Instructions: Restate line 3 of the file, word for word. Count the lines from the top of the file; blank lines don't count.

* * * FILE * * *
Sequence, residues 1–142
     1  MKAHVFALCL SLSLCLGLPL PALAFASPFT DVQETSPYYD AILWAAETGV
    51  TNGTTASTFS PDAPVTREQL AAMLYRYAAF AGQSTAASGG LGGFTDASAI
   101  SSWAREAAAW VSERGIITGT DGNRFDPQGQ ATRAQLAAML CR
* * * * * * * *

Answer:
    51  TNGTTASTFS PDAPVTREQL AAMLYRYAAF AGQSTAASGG LGGFTDASAI